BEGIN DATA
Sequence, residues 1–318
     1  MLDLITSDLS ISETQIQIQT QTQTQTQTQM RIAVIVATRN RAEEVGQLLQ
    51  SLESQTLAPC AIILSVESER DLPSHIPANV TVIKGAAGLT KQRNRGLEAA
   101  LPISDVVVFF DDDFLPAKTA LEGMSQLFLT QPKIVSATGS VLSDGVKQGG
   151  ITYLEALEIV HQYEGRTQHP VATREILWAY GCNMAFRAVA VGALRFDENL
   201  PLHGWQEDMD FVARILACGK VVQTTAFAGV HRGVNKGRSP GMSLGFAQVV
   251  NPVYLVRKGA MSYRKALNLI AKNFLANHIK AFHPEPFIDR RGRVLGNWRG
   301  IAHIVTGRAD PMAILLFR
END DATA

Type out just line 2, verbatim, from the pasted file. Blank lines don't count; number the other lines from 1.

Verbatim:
     1  MLDLITSDLS ISETQIQIQT QTQTQTQTQM RIAVIVATRN RAEEVGQLLQ